LeRoy’s populist spirit might not bring the old crowd back from the dead (or from Michael’s or San Domenico), and anyway, LeRoy’s not taking any chances: He’s put hipster 28-year-old publicist Lizzie Grubman on the payroll, hoping her database of the young and fabulous will give the Tea Room the injection of cool it needs. “We have retained Lizzie for the first six months to deal with the downtown crowd,” LeRoy says. “I think it’s going to be a great late-night scene, and young people are the ones who stay out late.” Grubman has already booked Britney Spears’s 18th-birthday party and a record-release blowout for Savage Garden into the space.

So kids with pierced eyebrows in Gap cargo pants will be doing vodka shots at Sam Cohn’s table. But then, the surreal spectacle has always played a prominent role in the life of Warner LeRoy. A scion of the Warner Bros. family – LeRoy is the grandson of Harry Warner, and Jack Warner’s great-nephew – the little movie prince lived in a universe bounded, literally, by a painted sky. When Warner was 4 years old, his father, director Mervyn LeRoy, made The Wizard of Oz. The studio set is Warner’s earliest memory.

“It had a huge impact on me,” he says, seated on one of the leather couches in his vast Deco-style Upper West Side apartment. Bronze sixteenth-century Japanese temple dogs roar at each other across the foyer, and a self-portrait of Picasso hangs on the same wall as Walt Disney’s own drawing of the Seven Dwarfs. All of New York is a hazy toy city 59 stories below.

“I loved the midgets. I remember skipping down the yellow-brick road and suddenly coming up against the painted backdrop. It was a child’s dream. I never forgot that sense of color – and fantasy,” says LeRoy, whose youngest daughter bears the middle name Oz.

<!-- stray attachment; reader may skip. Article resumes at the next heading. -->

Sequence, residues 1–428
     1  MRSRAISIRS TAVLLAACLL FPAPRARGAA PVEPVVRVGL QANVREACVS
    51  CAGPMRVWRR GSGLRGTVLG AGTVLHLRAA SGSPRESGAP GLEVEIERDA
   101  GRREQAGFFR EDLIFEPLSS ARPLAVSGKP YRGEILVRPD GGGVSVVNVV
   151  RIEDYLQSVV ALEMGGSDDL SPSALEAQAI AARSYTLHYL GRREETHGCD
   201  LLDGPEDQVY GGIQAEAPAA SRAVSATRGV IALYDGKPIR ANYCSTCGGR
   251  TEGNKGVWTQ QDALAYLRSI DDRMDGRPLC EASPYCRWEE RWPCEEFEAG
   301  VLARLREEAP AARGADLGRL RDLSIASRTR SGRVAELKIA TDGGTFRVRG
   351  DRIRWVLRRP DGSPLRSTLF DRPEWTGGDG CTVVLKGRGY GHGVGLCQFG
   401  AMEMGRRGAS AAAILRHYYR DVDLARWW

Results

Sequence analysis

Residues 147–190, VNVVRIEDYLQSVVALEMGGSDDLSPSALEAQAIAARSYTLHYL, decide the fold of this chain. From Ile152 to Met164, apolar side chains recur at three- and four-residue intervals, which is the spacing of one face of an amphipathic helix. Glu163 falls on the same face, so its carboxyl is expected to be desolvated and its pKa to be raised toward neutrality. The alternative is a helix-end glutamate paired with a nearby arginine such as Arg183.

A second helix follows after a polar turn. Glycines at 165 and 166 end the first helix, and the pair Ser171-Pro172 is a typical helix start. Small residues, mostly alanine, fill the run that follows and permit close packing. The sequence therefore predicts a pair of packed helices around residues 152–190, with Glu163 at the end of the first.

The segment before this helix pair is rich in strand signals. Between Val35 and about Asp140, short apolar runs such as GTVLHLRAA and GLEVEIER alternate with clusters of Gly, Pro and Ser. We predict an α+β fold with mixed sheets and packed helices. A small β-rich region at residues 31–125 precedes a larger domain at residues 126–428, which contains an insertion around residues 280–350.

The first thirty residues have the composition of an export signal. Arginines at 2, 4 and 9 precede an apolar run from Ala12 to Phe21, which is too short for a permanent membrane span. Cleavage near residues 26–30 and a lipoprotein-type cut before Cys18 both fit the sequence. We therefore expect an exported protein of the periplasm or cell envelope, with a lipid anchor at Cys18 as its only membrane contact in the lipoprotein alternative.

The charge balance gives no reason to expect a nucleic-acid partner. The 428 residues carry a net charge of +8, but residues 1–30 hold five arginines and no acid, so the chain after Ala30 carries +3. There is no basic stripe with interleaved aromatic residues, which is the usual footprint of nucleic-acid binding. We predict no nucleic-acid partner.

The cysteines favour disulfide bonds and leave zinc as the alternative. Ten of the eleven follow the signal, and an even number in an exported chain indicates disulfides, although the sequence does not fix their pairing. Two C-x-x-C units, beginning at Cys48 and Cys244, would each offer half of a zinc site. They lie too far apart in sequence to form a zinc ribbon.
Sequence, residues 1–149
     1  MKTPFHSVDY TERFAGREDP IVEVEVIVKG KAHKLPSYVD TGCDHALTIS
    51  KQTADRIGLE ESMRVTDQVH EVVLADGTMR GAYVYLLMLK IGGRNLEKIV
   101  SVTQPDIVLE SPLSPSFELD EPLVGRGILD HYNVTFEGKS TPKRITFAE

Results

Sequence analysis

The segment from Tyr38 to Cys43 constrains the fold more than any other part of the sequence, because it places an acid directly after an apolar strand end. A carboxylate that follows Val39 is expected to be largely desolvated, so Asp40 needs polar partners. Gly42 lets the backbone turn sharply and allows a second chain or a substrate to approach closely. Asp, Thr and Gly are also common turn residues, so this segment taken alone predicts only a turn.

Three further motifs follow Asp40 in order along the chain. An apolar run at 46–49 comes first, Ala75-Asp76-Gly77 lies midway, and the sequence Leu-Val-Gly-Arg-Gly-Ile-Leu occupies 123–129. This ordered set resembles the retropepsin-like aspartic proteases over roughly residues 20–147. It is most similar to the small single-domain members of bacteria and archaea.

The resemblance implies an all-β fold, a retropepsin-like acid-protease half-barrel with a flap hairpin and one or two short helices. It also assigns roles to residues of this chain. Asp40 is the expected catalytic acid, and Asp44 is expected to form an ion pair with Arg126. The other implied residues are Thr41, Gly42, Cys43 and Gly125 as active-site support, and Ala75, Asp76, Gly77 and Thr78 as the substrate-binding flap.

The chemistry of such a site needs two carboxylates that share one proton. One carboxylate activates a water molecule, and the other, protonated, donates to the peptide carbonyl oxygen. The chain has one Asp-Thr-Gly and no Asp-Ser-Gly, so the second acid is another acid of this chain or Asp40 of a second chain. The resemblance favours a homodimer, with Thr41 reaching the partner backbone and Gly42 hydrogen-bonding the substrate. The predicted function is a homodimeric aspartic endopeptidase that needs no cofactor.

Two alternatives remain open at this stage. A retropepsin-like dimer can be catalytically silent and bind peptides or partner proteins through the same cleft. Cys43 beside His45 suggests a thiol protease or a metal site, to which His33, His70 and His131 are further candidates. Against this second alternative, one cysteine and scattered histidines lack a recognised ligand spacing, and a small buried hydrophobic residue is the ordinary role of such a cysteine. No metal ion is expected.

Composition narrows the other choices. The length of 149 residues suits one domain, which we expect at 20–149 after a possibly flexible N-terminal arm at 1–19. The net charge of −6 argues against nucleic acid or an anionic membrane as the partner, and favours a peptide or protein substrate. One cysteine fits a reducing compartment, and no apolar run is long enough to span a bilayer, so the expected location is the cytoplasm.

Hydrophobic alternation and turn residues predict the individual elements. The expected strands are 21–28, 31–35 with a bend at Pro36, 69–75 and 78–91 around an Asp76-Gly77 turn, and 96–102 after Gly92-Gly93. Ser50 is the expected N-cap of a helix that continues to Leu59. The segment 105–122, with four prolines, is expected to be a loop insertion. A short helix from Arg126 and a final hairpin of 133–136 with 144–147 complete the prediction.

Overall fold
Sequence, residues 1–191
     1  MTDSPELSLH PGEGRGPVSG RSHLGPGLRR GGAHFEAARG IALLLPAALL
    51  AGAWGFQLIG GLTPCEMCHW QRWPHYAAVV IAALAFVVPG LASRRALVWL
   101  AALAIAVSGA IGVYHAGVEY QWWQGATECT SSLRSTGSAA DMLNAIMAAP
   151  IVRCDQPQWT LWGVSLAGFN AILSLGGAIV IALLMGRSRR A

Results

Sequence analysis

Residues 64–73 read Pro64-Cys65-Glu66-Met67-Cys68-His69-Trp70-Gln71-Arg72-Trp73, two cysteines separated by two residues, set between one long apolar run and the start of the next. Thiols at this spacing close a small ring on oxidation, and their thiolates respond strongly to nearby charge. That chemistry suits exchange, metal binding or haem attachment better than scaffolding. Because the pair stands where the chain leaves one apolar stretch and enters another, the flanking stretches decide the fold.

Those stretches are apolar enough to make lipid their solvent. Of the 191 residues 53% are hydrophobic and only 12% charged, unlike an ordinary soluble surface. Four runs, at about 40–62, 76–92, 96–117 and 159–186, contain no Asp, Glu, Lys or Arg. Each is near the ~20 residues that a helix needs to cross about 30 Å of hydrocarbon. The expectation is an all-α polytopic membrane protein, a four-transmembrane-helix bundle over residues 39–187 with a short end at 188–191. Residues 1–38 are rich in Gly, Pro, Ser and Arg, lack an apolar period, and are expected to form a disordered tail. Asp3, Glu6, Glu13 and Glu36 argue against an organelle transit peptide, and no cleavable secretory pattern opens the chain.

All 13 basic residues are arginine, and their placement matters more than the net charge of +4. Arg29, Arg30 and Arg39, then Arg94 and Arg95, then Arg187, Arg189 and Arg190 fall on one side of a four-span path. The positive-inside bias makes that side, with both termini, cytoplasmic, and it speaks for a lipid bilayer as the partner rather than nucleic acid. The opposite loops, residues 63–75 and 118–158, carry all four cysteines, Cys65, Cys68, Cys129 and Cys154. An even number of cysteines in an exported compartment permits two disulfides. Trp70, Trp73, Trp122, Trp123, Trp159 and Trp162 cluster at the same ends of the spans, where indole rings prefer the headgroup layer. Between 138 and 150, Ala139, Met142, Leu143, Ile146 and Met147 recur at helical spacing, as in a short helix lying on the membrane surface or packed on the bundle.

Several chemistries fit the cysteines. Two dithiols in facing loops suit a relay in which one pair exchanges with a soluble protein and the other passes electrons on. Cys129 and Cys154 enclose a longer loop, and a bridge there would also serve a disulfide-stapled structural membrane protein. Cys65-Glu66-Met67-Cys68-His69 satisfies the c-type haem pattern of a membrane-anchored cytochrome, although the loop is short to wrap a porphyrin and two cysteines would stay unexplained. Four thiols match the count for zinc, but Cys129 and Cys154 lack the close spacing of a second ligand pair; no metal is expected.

LeRoy Adventures is only a short ride away, on Broadway – and its chairman likes to be chauffeured there in a beige limo that some people have called pink. (“When I go out, I can distinguish it from all the other waiting limos,” LeRoy says.) Amid a large library of art books and design magazines, men and women with degrees in engineering and architecture do their level best to bring the boss’s ideas into the real world.

LeRoy’s attention to detail approaches the ridiculous. One summer design meeting with his staff had a 30-item agenda including the following matters: the distance above the bulb that the wall-sconce shades should be, the precise amount of lower-back support the red leather banquettes ought to provide, the melting speed of the ice-Kremlin vodka bar, the relative shininess of the chrome balls the bear aquarium would juggle, whether the natural fissures in the malachite and jasper on the fourth floor’s fireplace mantel should match up, whether the digitally produced wood-grain design on the wainscoting looked too factory-made, and what the granite on the vanities in the second- and fourth-floor bathrooms should look like.